16 Distribution of ZIMPOL/SPHERE polarization standard stars
HD 23512 z~45 degr

17 For high precision polarimetry:
Problem: For each standard star we need polarization value for each ZIMPOL filter Not available: accurate spectropolarimetry investigation of pol. variability For high precision polarimetry: quality of standard stars must still be established p wl

18 Special issues for polarimetry with AO systems
Is the instrumental polarization of off-axis point sources different from central bright source  are all faint sources potential polarized planets

19 There is hardly a field on the sky with several bright stars for the testing of FoV effects
Figure 1. Trapezium cluster with rough outline of the ZIMPOL field of view for θ1 Ori A,B,C,D, and E (from Petr-Gotzens et al. (2008), Jour. Phys. Conf. Ser. 131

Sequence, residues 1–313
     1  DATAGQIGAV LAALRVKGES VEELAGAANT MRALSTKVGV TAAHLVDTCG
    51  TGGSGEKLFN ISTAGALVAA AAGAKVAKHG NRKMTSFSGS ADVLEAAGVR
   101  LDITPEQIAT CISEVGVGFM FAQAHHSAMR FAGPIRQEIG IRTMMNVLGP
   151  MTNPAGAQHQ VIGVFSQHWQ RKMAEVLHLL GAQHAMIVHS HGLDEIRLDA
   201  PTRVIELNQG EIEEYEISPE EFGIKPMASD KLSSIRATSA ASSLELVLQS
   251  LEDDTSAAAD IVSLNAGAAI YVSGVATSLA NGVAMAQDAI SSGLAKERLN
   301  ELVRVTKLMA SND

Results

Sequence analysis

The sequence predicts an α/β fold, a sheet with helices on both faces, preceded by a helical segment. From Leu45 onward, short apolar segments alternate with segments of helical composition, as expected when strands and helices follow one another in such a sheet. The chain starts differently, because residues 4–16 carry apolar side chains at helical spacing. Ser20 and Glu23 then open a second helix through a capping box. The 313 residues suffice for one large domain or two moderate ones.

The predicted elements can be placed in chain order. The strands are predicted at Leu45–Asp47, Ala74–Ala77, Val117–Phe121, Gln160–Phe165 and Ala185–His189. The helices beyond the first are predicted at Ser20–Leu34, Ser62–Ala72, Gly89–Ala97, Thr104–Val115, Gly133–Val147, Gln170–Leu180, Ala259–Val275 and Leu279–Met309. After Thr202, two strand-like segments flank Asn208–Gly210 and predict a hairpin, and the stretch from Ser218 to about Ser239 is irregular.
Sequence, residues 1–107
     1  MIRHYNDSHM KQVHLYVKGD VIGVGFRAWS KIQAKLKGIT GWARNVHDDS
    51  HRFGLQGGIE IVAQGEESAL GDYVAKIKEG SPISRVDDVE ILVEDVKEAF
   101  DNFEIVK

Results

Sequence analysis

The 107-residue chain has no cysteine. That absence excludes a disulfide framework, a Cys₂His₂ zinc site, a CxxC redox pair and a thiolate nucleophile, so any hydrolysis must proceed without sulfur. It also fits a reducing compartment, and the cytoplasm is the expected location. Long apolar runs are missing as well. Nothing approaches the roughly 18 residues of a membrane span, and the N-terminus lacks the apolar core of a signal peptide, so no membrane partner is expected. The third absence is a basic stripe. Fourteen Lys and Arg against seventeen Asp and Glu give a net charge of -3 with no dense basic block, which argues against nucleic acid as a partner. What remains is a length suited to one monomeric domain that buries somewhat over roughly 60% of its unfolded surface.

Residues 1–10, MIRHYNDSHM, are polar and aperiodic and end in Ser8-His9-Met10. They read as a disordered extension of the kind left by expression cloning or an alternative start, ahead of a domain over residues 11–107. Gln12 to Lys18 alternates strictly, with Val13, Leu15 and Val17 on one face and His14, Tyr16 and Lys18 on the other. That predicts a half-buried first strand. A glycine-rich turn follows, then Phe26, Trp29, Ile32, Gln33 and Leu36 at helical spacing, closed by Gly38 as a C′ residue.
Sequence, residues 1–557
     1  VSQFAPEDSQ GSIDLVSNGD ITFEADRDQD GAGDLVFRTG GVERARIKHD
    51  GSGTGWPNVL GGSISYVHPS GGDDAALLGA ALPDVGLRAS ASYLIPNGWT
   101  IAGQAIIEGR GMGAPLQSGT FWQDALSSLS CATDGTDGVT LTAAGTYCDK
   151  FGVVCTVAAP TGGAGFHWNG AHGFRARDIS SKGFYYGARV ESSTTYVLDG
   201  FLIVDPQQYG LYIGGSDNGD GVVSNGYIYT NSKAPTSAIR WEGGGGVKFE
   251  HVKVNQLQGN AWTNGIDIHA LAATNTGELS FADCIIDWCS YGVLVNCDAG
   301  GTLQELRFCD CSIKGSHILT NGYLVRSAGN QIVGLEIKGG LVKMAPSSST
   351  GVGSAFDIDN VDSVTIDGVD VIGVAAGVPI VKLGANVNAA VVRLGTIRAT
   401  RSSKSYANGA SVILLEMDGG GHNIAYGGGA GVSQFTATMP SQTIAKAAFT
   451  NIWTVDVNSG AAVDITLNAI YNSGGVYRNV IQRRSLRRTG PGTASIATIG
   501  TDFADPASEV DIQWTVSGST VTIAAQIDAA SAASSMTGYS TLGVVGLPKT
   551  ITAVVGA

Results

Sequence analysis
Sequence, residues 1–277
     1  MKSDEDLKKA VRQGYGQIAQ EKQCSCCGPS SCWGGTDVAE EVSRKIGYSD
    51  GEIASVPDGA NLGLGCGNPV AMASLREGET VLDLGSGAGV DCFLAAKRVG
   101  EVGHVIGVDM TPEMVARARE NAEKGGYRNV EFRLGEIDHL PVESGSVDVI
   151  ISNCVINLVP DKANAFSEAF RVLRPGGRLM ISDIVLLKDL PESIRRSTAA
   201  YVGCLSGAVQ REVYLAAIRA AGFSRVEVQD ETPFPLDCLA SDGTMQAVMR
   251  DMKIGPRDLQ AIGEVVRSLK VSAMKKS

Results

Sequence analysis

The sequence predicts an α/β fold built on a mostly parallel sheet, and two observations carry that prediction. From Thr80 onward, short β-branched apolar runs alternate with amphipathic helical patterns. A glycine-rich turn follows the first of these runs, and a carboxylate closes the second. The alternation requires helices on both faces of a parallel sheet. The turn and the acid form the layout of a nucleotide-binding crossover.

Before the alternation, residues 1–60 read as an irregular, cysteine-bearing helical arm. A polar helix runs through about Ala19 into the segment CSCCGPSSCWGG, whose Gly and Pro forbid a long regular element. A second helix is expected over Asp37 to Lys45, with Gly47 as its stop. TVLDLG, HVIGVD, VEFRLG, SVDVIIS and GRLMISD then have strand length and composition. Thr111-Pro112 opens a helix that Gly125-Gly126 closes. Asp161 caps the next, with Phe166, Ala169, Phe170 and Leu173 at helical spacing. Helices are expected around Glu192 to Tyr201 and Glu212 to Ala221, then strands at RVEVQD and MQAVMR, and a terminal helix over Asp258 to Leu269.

20 Wish list and things to do for SPHERE/ZIMPOL 0-pol standards:
0-pol. standard stars: study individual object to reject critical objects (var., binarity, dust)  observe more than one 0-pol standards per run High polarization standards: produce from existing photomety and polarimety  synthetic absolute spectropolarimetry high-pol. standard stars: investigate the existence of spectropolarimetric data in the archives. - study polarimetric variability limits Test targets: investigate extended/multiple high pol. sources on-sky  unpolarized bright star in front of rich field with high interstellar polarization